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In mathematics, the **Wronskian** of *n* differentiable functions is the determinant formed with the functions and their derivatives up to order *n* – 1. It was introduced in 1812 by the Polish mathematician Józef Wroński, and is used in the study of differential equations, where it can sometimes show the linear independence of a set of solutions.

The Wrońskian of two differentiable functions *f* and *g* is .

More generally, for *n* real- or complex-valued functions *f*_{1}, …, *f _{n}*, which are

This is the determinant of the matrix constructed by placing the functions in the first row, the first derivatives of the functions in the second row, and so on through the derivative, thus forming a square matrix.

When the functions *f _{i}* are solutions of a linear differential equation, the Wrońskian can be found explicitly using Abel's identity, even if the functions

If the functions *f _{i}* are linearly dependent, then so are the columns of the Wrońskian (since differentiation is a linear operation), and the Wrońskian vanishes. Thus, one may show that a set of differentiable functions is linearly independent on an interval by showing that their Wrońskian does not vanish identically. It may, however, vanish at isolated points.

A common misconception is that *W* = 0 everywhere implies linear dependence. Peano (1889) pointed out that the functions *x*^{2} and |*x*|* · x* have continuous derivatives and their Wrońskian vanishes everywhere, yet they are not linearly dependent in any neighborhood of 0.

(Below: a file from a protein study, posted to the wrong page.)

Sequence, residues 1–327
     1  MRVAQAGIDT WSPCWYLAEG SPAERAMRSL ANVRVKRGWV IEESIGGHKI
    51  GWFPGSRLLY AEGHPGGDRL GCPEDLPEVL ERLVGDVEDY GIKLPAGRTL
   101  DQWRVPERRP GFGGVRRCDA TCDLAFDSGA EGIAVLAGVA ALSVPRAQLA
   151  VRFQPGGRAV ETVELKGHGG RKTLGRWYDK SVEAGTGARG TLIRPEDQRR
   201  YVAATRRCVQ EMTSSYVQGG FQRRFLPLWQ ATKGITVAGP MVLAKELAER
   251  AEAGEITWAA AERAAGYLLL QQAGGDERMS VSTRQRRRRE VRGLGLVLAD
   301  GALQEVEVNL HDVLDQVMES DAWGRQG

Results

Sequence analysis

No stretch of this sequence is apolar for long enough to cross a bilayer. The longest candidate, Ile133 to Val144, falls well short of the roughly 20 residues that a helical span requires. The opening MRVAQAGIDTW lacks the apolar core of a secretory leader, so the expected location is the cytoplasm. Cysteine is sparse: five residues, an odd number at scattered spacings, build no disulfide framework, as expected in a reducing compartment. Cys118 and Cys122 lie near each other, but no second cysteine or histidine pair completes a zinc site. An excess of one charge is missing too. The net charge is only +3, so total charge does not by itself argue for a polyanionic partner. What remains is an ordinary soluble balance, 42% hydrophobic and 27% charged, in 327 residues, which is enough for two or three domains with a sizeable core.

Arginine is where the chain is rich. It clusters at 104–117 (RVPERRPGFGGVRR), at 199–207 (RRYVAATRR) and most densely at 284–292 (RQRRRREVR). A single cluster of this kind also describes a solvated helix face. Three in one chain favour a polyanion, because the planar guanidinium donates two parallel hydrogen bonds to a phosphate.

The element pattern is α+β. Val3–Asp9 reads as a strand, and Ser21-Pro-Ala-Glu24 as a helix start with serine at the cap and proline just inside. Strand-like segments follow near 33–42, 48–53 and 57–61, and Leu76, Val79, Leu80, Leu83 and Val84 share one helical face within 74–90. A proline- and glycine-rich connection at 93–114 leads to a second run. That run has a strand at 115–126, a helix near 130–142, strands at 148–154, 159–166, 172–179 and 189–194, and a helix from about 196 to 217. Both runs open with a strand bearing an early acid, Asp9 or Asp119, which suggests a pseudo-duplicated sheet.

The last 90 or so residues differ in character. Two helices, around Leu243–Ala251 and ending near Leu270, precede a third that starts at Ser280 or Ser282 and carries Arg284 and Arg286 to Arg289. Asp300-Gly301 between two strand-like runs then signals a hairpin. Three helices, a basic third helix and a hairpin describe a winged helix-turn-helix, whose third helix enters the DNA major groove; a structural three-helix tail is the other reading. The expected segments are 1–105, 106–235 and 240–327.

- Maxime Bôcher observed that if the functions are analytic, then the vanishing of the Wrońskian in an interval implies that they are linearly dependent.
^{[3]} - Bôcher (1901) gave several other conditions for the vanishing of the Wrońskian to imply linear dependence; for example, if the Wrońskian of
*n*functions is identically zero and the*n*Wrońskians of*n*– 1 of them do not all vanish at any point then the functions are linearly dependent. - Wolsson (1989a) gave a more general condition that together with the vanishing of the Wronskian implies linear dependence.

Over fields of positive characteristic *p* the Wronskian may vanish even for linearly independent polynomials; for example, the Wronskian of *x*^{p} and 1 is identically 0.

In general, for an th order linear differential equation, if solutions are known, the last one can be determined by using the Wrońskian.

Consider the second order differential equation in Lagrange's notation: where , are known, and y is the unknown function to be found. Let us call the two solutions of the equation and form their Wronskian

Then differentiating and using the fact that obey the above differential equation shows that

Therefore, the Wronskian obeys a simple first order differential equation and can be exactly solved: where and is a constant.

Now suppose that we know one of the solutions, say . Then, by the definition of the Wrońskian, obeys a first order differential equation: and can be solved exactly (at least in theory).

The method is easily generalized to higher order equations.

For *n* functions of several variables, a **generalized Wronskian **is a determinant of an *n* by *n* matrix with entries *D _{i}*(

The Wrońskian was introduced by Józef Hoene-Wroński (1812) and given its current name by Thomas Muir (1882, Chapter XVIII).